When I think about the phrase Humanizing Online Learning, I think about it in a very literal way: how do we make online learning more human? A technological device is an inhuman object, one which presents a screen or veil through which the humanity of its users must shine, but how can we do this? Indeed, it can be challenging to be humane, especially when there is little to no separation between our isolated domestic sphere and our academic/professional sphere. Unlike the physical classroom, pants and other social niceties are now largely optional.
Throughout the 8 weeks that I had the opportunity to meet with the #OLDFF Fellows, we discussed many ways that learning and education could be made more humane. We explored many approaches and concepts, among them: creating and upholding inclusive learning environments, ungrading, the ways that technology can both help and hinder the teaching/learning process and vulnerability. The discussions around the role that vulnerability plays in teaching and learning, online and in person, were particularly poignant, in the truest sense of the word.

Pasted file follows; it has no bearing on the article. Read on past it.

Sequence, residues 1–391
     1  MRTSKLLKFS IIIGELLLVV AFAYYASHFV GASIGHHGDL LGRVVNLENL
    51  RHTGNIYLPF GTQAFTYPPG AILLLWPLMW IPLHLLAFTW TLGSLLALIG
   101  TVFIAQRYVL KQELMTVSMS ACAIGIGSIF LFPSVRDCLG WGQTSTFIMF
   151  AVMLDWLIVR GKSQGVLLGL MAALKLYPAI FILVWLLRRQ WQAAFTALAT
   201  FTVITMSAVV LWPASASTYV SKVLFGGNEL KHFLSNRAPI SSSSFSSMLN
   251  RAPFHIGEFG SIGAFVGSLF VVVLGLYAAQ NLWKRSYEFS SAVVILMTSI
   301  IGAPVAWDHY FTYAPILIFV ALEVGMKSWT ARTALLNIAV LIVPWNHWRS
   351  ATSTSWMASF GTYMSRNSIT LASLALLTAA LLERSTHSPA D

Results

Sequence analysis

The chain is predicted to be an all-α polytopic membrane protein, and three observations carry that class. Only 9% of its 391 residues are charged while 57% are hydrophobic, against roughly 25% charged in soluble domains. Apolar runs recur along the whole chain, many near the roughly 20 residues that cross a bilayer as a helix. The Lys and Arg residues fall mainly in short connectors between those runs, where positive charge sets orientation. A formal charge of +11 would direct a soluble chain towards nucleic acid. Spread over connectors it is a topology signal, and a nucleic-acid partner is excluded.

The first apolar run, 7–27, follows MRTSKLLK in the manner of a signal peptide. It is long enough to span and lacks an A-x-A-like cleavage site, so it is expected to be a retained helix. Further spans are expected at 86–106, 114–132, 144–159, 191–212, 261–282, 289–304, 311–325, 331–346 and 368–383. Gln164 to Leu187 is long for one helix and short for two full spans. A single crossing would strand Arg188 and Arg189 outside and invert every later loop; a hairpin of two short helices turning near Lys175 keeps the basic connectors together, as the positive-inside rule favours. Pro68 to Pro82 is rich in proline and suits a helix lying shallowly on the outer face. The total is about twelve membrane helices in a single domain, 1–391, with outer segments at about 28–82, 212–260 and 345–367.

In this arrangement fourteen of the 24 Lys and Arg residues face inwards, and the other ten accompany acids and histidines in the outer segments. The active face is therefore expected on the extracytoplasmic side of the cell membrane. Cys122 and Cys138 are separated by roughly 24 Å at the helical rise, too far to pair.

My academic field might be broadly referred to as place studies and I brought this interest-bias with me to several of the discussions that I had over the eight weeks. Inspired and influenced by my mentor, Dr. Jonathan Bordo, who recommended me to this fellowship, the role of place in learning and making knowledge claims is an area of interest for me and it often informs my approach to pedagogy. One particular #OLDFF breakout discussion with a senior colleague impacted my thinking greatly. I shared with the group my concerns about excessive screen time and the placeless-ness of online learning environments, concerns coloured by my role as a parent of young children. To me, the virtual, although it makes overtures to having or being a place in terms of its verbiage and architecture (web-sites, home page, etc.), presents distinct challenges to being grounded, present and engaged. This colleague smiled knowingly, appreciatively, and shared that, although she didn’t have children of her own, she recalled the rhythms of her own childhood. She spoke about the structure offered by her daily rituals – meals, outdoor play, and the comings and goings of the working parent.